‘What I’ve seen of death, someone – or something – comes to get us’
Each week, Benjamin Law asks public figures to discuss the subjects we’re told to keep private by getting them to roll a dice. The numbers they land on are the topics they’re given.
The Hobart-based author won both the Stella and Christina Stead prizes in 2017 for her seventh novel, The Museum of Modern Love.
How would you describe yourself politically?
I’d say I’m a Blue Green.
What’s a Blue Green?
Green is someone who cares passionately about the environment, social justice and for the long-term good of humanity and the planet. Blue is for the old-fashioned liberal values of egalitarianism, economic growth – not, however, at the expense of the quality of human life.
What party represents those values?
There isn’t one. I always find myself appalled by how we seem to have arrived in the 21st century with a world that is so deeply unjust to the great majority.
Does it make it hard for you as a voter?
Completely, but I always vote Green. You have to vote for the planet and human rights.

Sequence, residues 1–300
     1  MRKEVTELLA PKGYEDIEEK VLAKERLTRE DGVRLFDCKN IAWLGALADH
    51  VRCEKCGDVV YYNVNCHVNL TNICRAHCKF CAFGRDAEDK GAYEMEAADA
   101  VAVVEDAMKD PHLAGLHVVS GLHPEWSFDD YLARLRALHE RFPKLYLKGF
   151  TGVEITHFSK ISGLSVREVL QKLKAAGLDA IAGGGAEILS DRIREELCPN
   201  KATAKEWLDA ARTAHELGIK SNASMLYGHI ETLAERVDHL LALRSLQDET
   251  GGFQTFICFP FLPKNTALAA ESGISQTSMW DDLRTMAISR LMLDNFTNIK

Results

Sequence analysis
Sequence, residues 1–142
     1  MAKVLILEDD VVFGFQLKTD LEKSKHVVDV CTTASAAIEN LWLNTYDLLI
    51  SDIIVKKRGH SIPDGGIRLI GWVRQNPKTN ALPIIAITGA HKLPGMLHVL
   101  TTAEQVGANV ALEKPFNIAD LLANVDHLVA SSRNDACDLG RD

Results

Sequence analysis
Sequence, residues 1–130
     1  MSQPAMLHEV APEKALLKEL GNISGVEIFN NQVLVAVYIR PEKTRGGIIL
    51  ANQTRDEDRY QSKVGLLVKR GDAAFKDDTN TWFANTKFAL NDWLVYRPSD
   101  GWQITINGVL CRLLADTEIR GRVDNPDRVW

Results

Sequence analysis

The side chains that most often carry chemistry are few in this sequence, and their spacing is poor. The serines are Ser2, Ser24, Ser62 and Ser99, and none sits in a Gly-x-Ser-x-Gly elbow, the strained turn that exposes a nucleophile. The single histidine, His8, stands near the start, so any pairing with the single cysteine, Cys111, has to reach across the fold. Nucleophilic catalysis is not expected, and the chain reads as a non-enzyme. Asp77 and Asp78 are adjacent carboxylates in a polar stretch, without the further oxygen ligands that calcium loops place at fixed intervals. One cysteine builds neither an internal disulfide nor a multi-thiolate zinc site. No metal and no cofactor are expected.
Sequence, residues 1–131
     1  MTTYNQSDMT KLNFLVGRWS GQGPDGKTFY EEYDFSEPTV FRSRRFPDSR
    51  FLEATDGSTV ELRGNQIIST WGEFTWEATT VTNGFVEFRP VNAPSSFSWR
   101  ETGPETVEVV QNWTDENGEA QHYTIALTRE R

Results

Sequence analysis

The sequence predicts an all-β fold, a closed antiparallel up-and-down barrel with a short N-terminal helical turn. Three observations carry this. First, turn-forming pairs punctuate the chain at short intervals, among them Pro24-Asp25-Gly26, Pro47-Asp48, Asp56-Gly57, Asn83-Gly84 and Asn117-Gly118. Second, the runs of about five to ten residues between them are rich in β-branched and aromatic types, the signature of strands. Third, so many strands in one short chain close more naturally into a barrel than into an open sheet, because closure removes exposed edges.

Where do you think you get your politics from?
My father is a Labor voter and my mother is a Liberal voter. Bizarrely, I grew up in Hobart equidistant between neighbours who’ve gone on to both become senators: one in the Greens, one in the Liberal Party. I’ve ended up in a world where I’m much closer to my Green colleagues, but I’m not a pure socialist: I think everybody deserves to benefit from personal endeavour.
Could you date someone with fundamentally different politics to yours?
[Laughs.] Maybe not.
Was money a fraught thing for you, growing up?
Both my parents worked to put my sister and I through private school. No one in my family had ever got a degree, so education was really important. However, it was tight. My parents were really smart about caring for money. We didn’t go on holidays – we didn’t have that kind of income – so we lived very simply. My grandparents built a shack for us on the Tasman Peninsula, so we spent holidays there. Other than that, we went camping. Camping is my idea of money well spent.
Do you feel like you’ve been good with money?
I’m good at making money and making a business profitable. [As well as penning seven novels, Rose has run advertising agencies, sat on arts and corporate boards in her home state and founded a luxury accommodation business in Hobart.] In my personal life, I’m very good at saving. But I’m also very good at spending; I really love beautiful clothes.